The majority of these works have only been published very recently and the strategy for using Twitter to optimise the number of citations is now a challenge for all medical journals. Several retrospective studies have looked at the impact of the use of a social media communication strategy by medical journals. They have shown that the introduction of Twitter to communicate as part of this strategy was associated with a higher number of articles consulted, a higher number of citations and shorter delays in citation after publication  . Two studies (including one on anaesthesia journals) showed that journals that used a Twitter account to communicate were more likely to increase their impact factor than those that did not  . Some researchers even suggest that the dissemination of medical information through social media, allowing quick and easy access after the peer-review publication process, may supplant the classical academic medical literature in the future  . This evolution has led to the creation of a new type of Editor in several medical journal editorial boards: the social media Editor (sometimes with the creation of a “specialised social media team” to assist him or her)  . This medical Editor shares, across a range of social media platforms, new journal articles with the aim of improving dissemination of journal content. Thus, beyond the scientific interest of a given article, which determines its chances of being cited, there is currently a parallel Editorial work consisting in optimising the visibility on Twitter to increase the number of citations and improve the impact factor. Some authors also start to focus on the best techniques for using Twitter and on the best ways to tweet to optimise communication, for example during a medical congress  ….”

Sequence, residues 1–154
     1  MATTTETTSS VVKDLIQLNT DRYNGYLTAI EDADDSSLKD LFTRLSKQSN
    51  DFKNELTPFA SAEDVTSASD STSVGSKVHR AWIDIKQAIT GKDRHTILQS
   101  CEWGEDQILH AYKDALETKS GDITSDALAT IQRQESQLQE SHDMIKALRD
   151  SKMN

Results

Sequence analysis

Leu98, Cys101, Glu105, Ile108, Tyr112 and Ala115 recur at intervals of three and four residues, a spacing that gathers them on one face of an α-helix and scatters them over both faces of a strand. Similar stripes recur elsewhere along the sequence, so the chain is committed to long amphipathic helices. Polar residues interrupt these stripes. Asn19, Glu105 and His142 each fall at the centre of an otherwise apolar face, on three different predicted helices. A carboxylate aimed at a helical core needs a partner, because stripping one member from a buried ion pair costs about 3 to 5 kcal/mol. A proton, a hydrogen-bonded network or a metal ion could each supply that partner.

Even though considered as studies with high methodological power, many RCTs in paediatric dentistry do not have essential quality items in their design, development and report, making results’ reliability questionable, replication challenging to conduct, wasting time, money and efforts, and even exposing the participants to research for no benefit.
We addressed the main topics related to transparency in clinical research, with an emphasis in paediatric dentistry.
We searched for all controlled clinical trials published from January 2019 up to July 2020 in the three paediatric dentistry journals with high journal Impact Factor, indexed on Medline. These papers were assessed for transparency according to Open Science practices and regarding reporting accuracy using some items required by CONSORT.